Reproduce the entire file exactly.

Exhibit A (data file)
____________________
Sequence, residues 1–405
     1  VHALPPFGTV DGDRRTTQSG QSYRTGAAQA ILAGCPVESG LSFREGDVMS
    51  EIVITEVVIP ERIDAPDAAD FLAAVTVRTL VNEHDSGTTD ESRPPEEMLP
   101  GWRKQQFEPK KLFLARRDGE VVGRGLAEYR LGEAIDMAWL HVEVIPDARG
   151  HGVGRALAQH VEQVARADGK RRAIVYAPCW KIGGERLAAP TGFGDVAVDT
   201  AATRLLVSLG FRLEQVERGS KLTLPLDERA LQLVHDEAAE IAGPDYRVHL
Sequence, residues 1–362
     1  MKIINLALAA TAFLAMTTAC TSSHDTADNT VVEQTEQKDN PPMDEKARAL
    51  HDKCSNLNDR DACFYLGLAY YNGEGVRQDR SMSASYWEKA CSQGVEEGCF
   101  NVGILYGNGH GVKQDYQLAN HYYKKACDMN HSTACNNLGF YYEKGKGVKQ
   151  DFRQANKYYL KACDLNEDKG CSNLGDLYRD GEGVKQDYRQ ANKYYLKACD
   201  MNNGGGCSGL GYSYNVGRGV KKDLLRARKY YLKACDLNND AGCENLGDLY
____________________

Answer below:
Sequence, residues 1–405
     1  VHALPPFGTV DGDRRTTQSG QSYRTGAAQA ILAGCPVESG LSFREGDVMS
    51  EIVITEVVIP ERIDAPDAAD FLAAVTVRTL VNEHDSGTTD ESRPPEEMLP
   101  GWRKQQFEPK KLFLARRDGE VVGRGLAEYR LGEAIDMAWL HVEVIPDARG
   151  HGVGRALAQH VEQVARADGK RRAIVYAPCW KIGGERLAAP TGFGDVAVDT
   201  AATRLLVSLG FRLEQVERGS KLTLPLDERA LQLVHDEAAE IAGPDYRVHL
Sequence, residues 1–362
     1  MKIINLALAA TAFLAMTTAC TSSHDTADNT VVEQTEQKDN PPMDEKARAL
    51  HDKCSNLNDR DACFYLGLAY YNGEGVRQDR SMSASYWEKA CSQGVEEGCF
   101  NVGILYGNGH GVKQDYQLAN HYYKKACDMN HSTACNNLGF YYEKGKGVKQ
   151  DFRQANKYYL KACDLNEDKG CSNLGDLYRD GEGVKQDYRQ ANKYYLKACD
   201  MNNGGGCSGL GYSYNVGRGV KKDLLRARKY YLKACDLNND AGCENLGDLY